Applying correlation analysis to private markets is hindered by:
- Less frequently valued assets.
- The absence of an active market price.
- The dilution of portfolio returns as new assets are added.
- The desire of fund managers to positively surprise limited partners.
The Trouble with Harry is one of the few comedic movies directed by Alfred Hitchcock. As it was released in 1955, it is not spoiling anything to reveal that the “trouble” was that the residents of a small town I n Vermont find a body (Harry Worp) on a hillside, and several of them believe they may have accidentally been responsible for his death.
Harry was dead the entire movie and was used primarily as a prop (so much so that the actor playing him, Philip Truex, did not even receive screen credit). Employing correlation analysis to private markets assets is analogous to Harry’s character, present in form but not particularly functional. There are several aspects of private markets including less frequently valued assets, the absence of an active market price, the dilution of portfolio returns as new assets are added, and the desire of fund managers to positively surprise limited partners, that lead correlation analysis to being less meaningful.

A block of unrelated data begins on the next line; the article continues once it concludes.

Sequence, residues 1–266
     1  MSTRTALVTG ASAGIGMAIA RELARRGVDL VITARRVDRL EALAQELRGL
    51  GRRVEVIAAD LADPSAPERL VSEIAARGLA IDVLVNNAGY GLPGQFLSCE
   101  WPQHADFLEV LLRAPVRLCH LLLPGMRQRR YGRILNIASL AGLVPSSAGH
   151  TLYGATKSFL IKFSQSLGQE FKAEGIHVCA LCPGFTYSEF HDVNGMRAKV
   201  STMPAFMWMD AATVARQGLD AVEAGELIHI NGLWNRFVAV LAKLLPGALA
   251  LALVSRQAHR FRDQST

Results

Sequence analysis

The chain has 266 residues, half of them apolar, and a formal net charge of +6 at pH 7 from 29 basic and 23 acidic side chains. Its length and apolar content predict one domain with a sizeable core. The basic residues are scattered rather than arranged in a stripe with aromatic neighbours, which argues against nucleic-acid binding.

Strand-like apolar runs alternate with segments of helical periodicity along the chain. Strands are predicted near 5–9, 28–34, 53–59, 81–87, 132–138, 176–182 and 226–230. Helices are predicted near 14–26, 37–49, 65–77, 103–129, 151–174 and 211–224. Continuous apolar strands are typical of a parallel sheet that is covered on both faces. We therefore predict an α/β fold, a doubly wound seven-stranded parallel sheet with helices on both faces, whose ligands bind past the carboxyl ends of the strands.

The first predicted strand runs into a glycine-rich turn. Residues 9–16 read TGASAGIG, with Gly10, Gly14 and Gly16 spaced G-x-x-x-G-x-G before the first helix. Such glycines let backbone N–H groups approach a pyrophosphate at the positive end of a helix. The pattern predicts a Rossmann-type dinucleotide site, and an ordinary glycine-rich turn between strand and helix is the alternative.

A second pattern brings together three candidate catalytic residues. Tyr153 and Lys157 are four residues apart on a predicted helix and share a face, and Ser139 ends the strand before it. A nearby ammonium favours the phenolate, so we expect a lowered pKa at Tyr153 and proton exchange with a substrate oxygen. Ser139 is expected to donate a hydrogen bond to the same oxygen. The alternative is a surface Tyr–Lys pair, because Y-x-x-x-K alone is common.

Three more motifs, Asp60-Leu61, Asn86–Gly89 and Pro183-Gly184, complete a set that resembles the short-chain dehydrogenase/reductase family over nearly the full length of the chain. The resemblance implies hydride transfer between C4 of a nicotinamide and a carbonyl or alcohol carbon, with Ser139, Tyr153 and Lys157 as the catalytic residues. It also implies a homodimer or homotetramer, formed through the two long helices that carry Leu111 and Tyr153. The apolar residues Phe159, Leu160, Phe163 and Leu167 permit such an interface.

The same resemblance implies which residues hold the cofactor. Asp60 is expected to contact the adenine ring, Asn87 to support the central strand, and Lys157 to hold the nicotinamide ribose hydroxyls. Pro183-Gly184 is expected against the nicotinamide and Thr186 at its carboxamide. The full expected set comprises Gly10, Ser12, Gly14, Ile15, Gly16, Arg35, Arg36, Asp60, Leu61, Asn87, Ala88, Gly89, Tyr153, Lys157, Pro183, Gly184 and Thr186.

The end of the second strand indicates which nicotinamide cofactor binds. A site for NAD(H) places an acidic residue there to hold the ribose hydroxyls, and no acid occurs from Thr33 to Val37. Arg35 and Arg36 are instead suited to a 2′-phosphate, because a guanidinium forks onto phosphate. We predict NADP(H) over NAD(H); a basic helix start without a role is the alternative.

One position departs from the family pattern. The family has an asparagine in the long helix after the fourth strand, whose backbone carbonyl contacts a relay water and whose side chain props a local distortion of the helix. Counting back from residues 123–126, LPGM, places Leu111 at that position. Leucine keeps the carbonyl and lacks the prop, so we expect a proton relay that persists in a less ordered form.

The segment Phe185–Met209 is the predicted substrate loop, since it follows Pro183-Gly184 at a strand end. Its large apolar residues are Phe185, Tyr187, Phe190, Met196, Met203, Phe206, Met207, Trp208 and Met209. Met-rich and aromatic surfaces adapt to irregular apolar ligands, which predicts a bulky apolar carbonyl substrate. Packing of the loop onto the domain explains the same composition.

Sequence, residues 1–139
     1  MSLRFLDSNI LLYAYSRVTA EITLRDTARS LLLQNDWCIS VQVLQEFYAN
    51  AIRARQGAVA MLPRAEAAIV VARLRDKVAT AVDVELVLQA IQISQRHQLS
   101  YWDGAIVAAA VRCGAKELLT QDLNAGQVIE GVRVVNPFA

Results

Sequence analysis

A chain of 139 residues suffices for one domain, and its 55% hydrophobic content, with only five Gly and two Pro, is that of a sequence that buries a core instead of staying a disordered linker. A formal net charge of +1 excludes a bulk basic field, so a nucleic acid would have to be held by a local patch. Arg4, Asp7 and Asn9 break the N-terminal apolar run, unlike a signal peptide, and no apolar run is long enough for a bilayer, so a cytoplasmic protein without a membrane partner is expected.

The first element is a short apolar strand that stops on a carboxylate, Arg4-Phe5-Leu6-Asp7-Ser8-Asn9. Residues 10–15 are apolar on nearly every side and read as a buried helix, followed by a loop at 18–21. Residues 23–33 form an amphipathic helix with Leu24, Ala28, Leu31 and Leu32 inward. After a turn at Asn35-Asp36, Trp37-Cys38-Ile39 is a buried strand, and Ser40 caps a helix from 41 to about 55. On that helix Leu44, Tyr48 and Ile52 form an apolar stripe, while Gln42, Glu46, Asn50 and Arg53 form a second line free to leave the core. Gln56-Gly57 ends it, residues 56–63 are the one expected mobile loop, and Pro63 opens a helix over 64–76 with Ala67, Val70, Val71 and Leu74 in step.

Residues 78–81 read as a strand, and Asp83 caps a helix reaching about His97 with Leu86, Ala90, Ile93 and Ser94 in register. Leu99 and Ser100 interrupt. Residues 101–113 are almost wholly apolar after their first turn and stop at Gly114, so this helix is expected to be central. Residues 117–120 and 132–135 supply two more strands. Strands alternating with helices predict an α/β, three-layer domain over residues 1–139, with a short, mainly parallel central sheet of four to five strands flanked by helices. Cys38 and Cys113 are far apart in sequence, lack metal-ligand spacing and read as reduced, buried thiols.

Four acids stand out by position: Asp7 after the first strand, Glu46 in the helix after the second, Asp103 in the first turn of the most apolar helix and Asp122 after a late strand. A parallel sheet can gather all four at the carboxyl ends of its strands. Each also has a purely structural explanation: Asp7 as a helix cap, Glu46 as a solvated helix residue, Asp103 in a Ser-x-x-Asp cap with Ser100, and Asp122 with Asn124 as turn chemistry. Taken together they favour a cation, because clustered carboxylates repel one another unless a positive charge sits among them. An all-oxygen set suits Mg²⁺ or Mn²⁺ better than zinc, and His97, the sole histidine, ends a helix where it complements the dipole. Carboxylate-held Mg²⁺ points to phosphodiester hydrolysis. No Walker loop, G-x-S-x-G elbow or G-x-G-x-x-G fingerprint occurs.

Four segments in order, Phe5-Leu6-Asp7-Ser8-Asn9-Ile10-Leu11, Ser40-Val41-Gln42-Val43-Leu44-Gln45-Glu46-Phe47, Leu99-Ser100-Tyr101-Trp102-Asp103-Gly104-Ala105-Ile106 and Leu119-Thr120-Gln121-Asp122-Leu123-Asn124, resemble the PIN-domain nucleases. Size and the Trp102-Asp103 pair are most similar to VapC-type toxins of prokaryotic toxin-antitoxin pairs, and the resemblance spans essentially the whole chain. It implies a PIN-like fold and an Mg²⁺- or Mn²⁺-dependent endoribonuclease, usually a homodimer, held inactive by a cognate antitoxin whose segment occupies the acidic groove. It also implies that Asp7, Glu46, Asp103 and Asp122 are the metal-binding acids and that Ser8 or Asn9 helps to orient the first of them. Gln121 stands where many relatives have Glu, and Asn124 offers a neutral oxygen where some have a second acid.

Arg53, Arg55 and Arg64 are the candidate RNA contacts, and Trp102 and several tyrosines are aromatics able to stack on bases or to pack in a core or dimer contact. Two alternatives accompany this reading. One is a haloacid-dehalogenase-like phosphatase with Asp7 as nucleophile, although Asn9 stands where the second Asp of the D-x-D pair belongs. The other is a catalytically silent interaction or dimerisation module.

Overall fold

After a brief background, this paper uses a sample of public market stocks to replicate some of the structural aspects of private markets. This is not intended to replicate private market returns; rather, it is meant to show that applying analogous structural factors to actively traded public companies substantially reduces the measured correlation.